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Ken Dyer, a member at the Country Club of North Carolina, shoots a yardage for Aidan Oehrle during the second round of stroke play in the 73rd U.S. Junior Amateur Championship. Dyer is a family friend of the Oehrles and gave his local knowledge of the courses to Aidan in the first two rounds.

Many members at the Country Club of North Carolina are working the 73rd U.S. Junior Amateur championship in a volunteer capacity to make the championship operate smoothly. Others are taking in the championships as spectators.

And then there’s some like Ken Dyer who are donning the red caddie bibs to provide local insight of the club’s Dogwood and Cardinal courses to visitors to the club. But how Dyer came about being a caddie came from his connection to his former club in Pittsburgh as he was on the bag for 18-year-old Aidan Oehrle.

Dyer was a member and a friend of Aidan’s father, Scott, at Longue Vue Club in Verona, Pennsylvania. When Aidan shot his round of 69 to qualify, Scott knew who to call.

“It was about a month ago and my immediate reaction was, ‘I’ll help. I’ll caddie,’” Dyer said.

Dyer has been coming to CCNC since 1985 to compete in tournaments, and he moved to the club earlier this year after being a member for more than three years.

An incoming freshman at Lehigh University, Oehrle missed the cut after two rounds of 81 and 78, but used the knowledge of the course, and the greens from Dyer to close both rounds with back nines of 37 and 39.

On the greens, especially, was where Dyer’s help came in very useful.

“He helped me a lot with the grain because I’m not used to it being from Pittsburgh,” Oehrle said. “It was kind of hard to know what to do so we spent a lot of time the nights before we were out here 2 to 3 hours working on speed.”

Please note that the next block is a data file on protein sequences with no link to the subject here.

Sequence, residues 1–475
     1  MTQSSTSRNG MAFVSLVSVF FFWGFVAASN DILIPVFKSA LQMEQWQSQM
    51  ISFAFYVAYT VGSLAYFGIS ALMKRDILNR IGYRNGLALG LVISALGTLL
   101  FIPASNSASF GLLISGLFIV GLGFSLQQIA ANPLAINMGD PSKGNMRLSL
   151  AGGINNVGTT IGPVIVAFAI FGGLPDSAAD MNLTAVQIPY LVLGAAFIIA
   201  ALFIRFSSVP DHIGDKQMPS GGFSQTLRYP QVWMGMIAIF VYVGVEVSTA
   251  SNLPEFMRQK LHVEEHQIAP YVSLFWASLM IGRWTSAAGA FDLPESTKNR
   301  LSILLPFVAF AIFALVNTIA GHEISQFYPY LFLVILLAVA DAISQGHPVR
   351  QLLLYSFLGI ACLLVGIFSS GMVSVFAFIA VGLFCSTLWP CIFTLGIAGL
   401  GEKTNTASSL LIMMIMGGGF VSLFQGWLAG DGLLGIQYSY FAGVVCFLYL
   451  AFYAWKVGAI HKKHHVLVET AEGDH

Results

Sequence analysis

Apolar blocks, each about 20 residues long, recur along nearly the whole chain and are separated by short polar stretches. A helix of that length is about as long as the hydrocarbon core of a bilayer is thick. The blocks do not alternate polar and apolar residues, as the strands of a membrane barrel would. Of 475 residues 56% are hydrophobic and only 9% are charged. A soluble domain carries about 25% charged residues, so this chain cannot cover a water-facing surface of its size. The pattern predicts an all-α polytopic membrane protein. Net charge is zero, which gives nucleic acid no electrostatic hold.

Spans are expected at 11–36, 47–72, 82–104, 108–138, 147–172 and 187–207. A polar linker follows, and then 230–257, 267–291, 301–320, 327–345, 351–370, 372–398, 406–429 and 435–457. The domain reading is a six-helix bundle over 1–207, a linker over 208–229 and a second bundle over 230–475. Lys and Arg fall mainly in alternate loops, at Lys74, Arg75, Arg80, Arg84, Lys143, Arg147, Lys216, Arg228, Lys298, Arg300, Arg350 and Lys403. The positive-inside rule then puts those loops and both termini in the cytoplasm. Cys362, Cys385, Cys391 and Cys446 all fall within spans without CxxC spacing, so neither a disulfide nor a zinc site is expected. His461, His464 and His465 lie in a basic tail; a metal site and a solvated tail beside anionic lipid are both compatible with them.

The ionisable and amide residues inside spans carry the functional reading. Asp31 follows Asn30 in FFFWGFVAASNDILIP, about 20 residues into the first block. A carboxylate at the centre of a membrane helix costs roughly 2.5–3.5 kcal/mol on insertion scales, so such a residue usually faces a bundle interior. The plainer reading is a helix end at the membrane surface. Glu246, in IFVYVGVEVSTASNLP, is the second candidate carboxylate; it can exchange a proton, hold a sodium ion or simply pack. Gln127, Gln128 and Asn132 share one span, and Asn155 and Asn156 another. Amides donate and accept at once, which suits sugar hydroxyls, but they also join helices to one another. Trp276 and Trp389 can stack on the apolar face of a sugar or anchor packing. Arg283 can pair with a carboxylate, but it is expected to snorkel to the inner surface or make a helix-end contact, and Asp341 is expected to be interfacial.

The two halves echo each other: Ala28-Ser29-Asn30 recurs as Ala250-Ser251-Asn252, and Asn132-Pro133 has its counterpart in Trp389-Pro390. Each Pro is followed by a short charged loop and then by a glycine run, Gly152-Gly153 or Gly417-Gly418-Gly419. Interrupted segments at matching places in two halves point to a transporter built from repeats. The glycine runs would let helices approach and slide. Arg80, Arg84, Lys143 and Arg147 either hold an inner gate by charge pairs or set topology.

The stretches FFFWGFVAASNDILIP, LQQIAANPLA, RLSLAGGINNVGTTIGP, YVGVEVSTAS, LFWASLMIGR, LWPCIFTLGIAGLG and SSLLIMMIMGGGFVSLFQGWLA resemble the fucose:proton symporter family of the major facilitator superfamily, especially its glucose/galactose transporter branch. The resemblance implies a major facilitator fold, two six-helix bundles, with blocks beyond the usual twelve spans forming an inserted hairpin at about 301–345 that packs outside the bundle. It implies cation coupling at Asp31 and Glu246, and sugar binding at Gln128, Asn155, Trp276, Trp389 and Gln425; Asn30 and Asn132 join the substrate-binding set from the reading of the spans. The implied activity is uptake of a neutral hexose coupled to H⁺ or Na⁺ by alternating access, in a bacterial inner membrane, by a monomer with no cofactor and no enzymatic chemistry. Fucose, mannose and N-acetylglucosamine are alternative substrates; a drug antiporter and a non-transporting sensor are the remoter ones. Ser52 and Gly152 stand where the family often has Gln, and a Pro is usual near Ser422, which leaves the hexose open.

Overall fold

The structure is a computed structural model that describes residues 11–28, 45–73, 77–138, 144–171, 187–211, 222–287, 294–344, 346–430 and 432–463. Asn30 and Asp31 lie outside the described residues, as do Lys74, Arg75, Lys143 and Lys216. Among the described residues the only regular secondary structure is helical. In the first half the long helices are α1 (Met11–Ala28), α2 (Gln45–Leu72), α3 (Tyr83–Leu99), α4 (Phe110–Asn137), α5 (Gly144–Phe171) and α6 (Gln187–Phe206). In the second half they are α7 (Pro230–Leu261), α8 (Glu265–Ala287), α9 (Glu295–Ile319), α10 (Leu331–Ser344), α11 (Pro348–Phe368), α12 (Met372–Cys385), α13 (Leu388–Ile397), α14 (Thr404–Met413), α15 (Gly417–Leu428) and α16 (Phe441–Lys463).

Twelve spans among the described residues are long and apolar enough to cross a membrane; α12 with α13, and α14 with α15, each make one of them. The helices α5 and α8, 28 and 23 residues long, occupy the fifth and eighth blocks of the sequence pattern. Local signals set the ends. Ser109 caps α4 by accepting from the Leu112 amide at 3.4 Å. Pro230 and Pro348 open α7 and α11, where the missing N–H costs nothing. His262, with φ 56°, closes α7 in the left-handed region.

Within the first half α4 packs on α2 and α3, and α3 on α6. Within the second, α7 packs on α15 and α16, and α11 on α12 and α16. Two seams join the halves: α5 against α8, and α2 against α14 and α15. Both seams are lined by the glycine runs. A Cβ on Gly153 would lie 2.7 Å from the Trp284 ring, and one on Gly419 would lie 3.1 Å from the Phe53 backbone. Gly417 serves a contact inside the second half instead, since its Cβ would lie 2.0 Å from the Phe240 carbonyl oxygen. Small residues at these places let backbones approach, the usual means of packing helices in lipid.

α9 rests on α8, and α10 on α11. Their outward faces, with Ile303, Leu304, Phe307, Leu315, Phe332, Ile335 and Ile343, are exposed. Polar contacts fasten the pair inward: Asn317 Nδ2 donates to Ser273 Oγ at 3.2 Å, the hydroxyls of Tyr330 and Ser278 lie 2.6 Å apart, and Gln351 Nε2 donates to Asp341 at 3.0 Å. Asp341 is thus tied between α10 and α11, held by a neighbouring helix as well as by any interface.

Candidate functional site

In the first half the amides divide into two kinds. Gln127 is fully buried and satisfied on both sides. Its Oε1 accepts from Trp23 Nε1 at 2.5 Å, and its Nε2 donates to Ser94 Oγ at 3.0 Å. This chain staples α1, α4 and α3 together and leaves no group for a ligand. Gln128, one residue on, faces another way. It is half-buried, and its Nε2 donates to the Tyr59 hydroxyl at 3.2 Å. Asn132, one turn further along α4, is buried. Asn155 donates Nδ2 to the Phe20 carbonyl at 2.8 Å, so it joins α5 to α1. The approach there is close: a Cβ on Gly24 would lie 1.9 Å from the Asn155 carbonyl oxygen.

And even with the 47 year difference between Dyer, 65, and Oehrle, 18, the mood was light with friendly banter Tuesday when the two would sit back and look over a shot.

“It was all about golf, but I think now I’ve made a new friend,” Dyer said.

While Dyer has known the family for a while, Friday was the first time that he and Aidan had met.

“I trust him. I don’t know him as I just met him this week,” Oehrle said. “A heard a lot of good things and everyone said to have a good time with him.”

“And we had a great time,” Dyer said in response.

Subway Feed Volunteers Through the Championship

Through wet and rainy conditions Monday, and the muggy heat on the sunny days ahead in the forecast, nearly all of the on-course volunteers for the 73rd U.S. Junior Amateur championship are battling the elements to help with the operations of the championship with long shifts without being able to leave their post.

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Representatives from the U.S. Junior Amateur, the Village of Pinehurst and Subway recognize the gifted lunches by Subway for the volunteers all week of the championship.

A donation of 2,000 meals for the more than 600 volunteers of the championship by Subway helps those volunteers throughout the entirety of the championship.

“CCNC is grateful to Tim Mann and Subway for its support,” said Don Hunter, chief operating officer for CCNC. “Volunteers are a vital cog in coordinating all of the player and competition services for a large-scale event like the U.S. Junior Amateur.”

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